United Way

Preventing Teenage Pregnancies and Keeping Girls In School

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We believe reducing the number of teenage mothers in our community is just one step of many in creating a community rich in opportunities and free from poverty.


The Teen Pregnancy Prevention Initiative was formed in 2005 by UWJC and continues today as part of the Jackson County Health Department. TPPI seeks to improve adolescent sexual health, improve communication between teens and adults, and promote awareness on the issue. Because of this program, teenagers across Jackson County are engaged in conversations with peers and adults on sexual health . From January to June 2016, over 1,800 teens were reached through this program. TPPI provided us with an example of how they have been able to drive IMPACT in Jackson County.

Students from several area school districts benefitted from taking part in ‘I WISH’ Teen Pregnancy Prevention assemblies. Hundreds of students also participated in classroom discussions after each assembly. After each classroom discussion, our staff, Teen Advisory Council, and teen parent speakers spoke to several high school students who were impacted by hearing the stories in the video and live on stage. Many of our teen parent speakers were emotional at the assemblies talking about the challenges they have raising their children. The positive support the teen parents received was overwhelming to them. These speakers felt so empowered giving back to their community by reaching other teens with their story.  At Northwest High School, the staff was so appreciative of our team coming in and leading the assembly.  We even received personal emails from several of the staff regarding how beneficial and powerful the assembly was to their students. At the Middle School at Parkside, staff were engaged the entire time and kept students focused during the assembly. In fact, one of the school administrators told his personal story of being a teen parent to a group of 50 students. At Concord High School, the students were in desperate need of teen pregnancy prevention education. They indicated they were not informed about options of how to prevent a pregnancy and have not received any sex education at their high school.  Staff took advantage of small group discussions after the assembly to provide educational information on contraception choices. The impact these assemblies have had this spring has been critical for the TPPI in building relationships with other schools and strengthening the presentation skills of our Teen Advisory Council. In turn, we anticipate that the sexual health choices made by the attendees at each assembly will improve as they consider the consequences of their choices.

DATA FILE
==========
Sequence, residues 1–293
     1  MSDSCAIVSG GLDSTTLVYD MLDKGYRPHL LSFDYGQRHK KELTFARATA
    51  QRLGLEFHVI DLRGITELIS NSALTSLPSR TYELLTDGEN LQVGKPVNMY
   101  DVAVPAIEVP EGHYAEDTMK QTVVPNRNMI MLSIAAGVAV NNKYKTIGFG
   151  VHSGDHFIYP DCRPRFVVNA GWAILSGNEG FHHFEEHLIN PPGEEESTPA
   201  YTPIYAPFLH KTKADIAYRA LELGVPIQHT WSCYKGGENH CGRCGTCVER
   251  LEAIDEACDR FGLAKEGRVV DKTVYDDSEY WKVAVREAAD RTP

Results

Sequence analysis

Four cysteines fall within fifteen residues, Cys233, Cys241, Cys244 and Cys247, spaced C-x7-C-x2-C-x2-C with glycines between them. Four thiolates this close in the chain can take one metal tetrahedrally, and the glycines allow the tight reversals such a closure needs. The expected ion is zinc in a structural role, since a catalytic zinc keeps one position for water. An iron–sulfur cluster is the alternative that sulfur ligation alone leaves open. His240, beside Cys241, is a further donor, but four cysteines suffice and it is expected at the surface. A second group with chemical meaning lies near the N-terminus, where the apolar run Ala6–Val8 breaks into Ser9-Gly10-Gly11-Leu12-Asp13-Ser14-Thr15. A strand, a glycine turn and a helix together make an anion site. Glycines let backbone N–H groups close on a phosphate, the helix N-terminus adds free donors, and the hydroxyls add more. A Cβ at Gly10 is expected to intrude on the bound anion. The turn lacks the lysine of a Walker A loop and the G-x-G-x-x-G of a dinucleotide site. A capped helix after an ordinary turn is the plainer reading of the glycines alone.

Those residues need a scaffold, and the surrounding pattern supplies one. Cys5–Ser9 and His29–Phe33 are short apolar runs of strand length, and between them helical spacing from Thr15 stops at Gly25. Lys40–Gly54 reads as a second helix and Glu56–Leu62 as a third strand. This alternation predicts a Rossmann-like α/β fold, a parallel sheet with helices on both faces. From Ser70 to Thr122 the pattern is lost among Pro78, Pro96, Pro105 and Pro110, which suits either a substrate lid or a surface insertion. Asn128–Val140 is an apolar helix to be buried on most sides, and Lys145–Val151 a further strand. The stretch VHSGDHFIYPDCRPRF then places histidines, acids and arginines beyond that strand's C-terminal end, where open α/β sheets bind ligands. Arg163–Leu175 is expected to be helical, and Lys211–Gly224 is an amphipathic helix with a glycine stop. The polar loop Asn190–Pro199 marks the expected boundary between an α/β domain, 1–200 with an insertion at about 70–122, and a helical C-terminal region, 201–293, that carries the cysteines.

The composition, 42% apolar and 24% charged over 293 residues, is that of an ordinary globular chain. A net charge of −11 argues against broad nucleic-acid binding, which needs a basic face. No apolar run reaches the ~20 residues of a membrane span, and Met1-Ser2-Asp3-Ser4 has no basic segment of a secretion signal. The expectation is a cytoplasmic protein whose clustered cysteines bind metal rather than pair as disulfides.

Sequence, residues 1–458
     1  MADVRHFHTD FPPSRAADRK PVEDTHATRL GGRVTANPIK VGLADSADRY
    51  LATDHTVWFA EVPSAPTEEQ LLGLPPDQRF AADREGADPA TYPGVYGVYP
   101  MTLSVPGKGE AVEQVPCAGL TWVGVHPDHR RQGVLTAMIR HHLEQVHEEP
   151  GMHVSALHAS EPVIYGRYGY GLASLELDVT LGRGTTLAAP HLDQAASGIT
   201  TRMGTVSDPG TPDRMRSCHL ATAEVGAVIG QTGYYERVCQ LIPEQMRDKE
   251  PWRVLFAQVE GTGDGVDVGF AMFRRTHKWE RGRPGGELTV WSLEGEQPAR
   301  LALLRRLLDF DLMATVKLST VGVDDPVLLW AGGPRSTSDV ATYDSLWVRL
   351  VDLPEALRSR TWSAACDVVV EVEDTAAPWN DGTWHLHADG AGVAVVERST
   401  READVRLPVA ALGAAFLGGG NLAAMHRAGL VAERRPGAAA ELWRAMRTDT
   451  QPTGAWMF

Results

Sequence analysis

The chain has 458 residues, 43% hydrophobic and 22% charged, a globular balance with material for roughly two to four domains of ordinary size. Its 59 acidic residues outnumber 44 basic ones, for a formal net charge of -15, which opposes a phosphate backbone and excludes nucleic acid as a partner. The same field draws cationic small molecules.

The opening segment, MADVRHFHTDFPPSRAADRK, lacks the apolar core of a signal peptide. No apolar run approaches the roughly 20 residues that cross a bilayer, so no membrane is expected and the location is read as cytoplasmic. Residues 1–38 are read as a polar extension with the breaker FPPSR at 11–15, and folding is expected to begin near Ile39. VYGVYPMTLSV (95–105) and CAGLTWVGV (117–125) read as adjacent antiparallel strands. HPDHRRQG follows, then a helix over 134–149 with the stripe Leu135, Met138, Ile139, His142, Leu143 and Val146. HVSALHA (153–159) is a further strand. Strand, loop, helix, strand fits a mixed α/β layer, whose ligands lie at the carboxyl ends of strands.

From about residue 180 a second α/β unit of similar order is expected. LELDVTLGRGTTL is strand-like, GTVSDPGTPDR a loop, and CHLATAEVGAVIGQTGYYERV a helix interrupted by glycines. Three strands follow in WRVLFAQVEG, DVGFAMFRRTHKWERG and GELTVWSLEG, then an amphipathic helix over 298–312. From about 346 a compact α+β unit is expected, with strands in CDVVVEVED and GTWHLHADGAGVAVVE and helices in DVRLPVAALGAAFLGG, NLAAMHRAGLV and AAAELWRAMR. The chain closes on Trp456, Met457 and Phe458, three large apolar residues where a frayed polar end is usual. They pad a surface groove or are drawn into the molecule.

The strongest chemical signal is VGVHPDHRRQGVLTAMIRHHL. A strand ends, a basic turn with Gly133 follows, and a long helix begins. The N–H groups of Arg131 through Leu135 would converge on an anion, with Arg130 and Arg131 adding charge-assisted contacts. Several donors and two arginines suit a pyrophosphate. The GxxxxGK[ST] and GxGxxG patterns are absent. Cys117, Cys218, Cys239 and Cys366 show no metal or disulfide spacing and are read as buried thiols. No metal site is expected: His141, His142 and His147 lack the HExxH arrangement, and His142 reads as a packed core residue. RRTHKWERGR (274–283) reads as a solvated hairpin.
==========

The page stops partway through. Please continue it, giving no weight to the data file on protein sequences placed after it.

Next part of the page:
Some 70% of teen mothers do not finish high school, they are not college or career ready;75% of teen mothers rely on public assistance within the first five years after giving birth. Most of them remain single, and only 30% receive support from the child’s father. TPPI is making a difference by impacting the lives our youth and preventing teenage pregnancies.

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